And the house, when it was in building, was built of stone made ready before it was brought thither; so that there was neither hammer nor ax nor any tool of iron heard in the house, while it was in building. The door for the middle chamber was in the right side of the house; and they went up with winding stairs into the middle chamber and out of the middle into the third.
The description above clearly states that there were winding stairs, but an examination of the text finds inconsistencies in the pas-sages themselves and serious discrepancies are noticed between our Masonic ritual and the scriptures above.
An example is in Verse 8 which places the entrance door for the middle chamber in the right side of the building. It continues by stating that the stairway went from the door to the middle chamber and on up to the third chamber. No mention is made to an entrance on the ground floor.
The description, which parallels the Kings version, omits all references to the chambers except for Verse 9 which states: And he overlaid the upper chambers with gold It is widely accepted that the upper chambers in Chronicles are the Side chambers mentioned in Kings.
Notice that there is no mention of a winding staircase. The third description is found in the Book of Ezekiel. Ezekiel came from a priestly family and some researchers think could have lived at a time which would have enabled him to have seen Solomons Temple first hand.
However, at the time of his writing, the Temple had been destroyed by the Babylonians. The parallel passages of the above quoted from Kings and Chronicles are to be found in the 41st Chapter of Ezekiel, but differs from the other two. Ezekiel, Chapter 41, Verse 6: And the side chambers were three, one over another, and thirty in order; and they entered into the wall which was of the house for the side chambers around about, that they might have hold, but they had not hold in the wall of the house.Nice to see some good comments on this Book of Enoch subject.
I read the Book of Enoch that is in English a while back. It started out real good and if stayed that way throughout the book I would be much more inclined to believe it was inspired. Introduction Looking back at some of the earliest years of Gods chosen people, we can see that worship played quite a significant role in the everyday lives of the people.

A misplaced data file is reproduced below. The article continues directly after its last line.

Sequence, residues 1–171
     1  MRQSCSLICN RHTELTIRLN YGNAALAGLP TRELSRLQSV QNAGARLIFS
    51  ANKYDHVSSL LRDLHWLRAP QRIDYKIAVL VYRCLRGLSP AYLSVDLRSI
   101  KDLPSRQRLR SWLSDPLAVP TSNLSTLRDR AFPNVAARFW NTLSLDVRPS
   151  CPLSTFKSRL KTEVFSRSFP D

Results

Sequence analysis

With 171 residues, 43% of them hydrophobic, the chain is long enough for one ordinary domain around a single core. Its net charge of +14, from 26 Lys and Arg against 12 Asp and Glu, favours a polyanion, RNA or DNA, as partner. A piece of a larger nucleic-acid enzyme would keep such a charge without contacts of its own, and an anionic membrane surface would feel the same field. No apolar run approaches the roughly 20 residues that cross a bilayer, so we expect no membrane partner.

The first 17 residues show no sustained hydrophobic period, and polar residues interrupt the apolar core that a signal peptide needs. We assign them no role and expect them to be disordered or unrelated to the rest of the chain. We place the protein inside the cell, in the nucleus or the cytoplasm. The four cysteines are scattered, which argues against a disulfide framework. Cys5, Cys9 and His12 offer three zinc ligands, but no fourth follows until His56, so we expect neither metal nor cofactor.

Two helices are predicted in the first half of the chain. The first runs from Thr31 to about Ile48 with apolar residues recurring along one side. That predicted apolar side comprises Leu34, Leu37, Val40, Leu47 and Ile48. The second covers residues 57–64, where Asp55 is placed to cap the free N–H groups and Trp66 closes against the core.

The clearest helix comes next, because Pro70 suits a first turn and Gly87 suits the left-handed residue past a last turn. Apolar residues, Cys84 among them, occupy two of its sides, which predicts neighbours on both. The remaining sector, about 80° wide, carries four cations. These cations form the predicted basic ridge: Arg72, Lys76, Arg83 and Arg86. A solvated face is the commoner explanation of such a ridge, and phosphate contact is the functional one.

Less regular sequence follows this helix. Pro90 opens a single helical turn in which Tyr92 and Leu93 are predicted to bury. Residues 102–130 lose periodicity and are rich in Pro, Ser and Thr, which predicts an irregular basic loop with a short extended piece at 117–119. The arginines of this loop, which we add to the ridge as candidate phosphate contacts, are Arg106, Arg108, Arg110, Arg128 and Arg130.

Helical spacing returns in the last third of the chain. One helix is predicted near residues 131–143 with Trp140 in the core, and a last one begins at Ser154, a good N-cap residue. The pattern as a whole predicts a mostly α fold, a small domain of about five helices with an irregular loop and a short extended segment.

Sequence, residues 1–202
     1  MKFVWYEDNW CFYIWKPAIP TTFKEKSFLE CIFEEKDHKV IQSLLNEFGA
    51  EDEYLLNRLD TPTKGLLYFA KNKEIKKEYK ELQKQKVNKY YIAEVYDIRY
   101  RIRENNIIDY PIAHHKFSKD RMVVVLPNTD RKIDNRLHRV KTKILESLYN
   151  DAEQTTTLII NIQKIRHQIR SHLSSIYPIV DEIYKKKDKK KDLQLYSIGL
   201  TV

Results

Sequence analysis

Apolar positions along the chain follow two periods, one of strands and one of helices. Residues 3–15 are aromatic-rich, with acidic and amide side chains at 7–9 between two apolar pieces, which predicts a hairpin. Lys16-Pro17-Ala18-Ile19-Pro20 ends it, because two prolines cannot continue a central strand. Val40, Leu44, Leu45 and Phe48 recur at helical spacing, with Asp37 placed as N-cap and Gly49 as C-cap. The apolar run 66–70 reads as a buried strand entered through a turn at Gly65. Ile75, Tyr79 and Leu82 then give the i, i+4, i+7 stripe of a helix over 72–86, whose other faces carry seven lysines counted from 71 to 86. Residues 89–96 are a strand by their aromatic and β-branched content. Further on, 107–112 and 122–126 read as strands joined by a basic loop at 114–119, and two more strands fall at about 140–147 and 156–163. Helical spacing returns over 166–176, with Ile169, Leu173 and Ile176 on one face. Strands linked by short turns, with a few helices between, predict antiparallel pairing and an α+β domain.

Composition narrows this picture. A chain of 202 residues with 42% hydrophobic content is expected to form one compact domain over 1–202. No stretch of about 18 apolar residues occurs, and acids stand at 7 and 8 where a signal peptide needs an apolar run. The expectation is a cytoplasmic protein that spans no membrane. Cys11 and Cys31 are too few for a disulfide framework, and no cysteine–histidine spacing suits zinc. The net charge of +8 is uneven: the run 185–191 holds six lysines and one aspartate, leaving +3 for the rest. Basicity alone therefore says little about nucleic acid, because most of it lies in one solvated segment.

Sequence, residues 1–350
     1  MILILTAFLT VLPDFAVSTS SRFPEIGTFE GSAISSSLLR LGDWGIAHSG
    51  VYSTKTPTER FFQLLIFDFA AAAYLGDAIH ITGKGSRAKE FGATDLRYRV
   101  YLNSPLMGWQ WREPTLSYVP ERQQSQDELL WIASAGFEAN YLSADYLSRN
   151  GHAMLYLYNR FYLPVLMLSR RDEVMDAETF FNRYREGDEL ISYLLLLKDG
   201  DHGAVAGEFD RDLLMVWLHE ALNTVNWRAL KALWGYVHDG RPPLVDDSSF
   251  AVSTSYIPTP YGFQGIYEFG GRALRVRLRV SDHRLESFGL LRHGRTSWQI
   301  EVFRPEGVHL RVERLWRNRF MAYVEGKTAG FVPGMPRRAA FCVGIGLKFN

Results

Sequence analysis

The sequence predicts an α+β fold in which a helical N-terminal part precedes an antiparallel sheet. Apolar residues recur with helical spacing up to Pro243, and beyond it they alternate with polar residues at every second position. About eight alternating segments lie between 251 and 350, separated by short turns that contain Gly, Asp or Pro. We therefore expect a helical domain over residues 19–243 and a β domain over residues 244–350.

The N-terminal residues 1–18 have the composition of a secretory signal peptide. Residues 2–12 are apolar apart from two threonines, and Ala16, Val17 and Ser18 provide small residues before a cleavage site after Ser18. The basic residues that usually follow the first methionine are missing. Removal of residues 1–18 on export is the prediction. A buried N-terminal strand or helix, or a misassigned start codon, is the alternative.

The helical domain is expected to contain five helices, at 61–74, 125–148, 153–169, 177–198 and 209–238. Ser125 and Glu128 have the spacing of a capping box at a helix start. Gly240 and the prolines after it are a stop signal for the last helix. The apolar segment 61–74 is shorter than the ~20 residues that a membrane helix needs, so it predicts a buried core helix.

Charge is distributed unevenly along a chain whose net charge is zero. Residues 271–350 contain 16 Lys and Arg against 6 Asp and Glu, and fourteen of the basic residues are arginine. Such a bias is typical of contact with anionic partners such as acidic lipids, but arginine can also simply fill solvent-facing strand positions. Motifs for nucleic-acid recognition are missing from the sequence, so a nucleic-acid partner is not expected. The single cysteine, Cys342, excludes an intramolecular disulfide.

Until the temple in Jerusalem was built, there was no real establishment or unification of the people since their capti. A Brief Introduction to Solomon’s Temple In the four hundred and eightieth year after the children of Israel came out of Egypt, Solomon built the Temple.
The building of Solomon’s temple . Corbett carefully details the sordid back story of today's "oiligarchy." While most people are well-acquainted with the Rockefeller name, few probably know the true history of . Throughout history, men of great learning and spiritual insight have drawn inspiration from one of antiquity's most celebrated monuments, one which inspired many cultures and spiritual traditions which have placed it foremost in legend, romance, and beauty, and have praised its ruler as the wisest of men.
In this paper we will examine the history behind Solomon's Temple, its structure, and its downfall. A Brief Introduction to Solomon's Temple In the four hundred and eightieth year after the children of Israel came out of Egypt, Solomon built the Temple.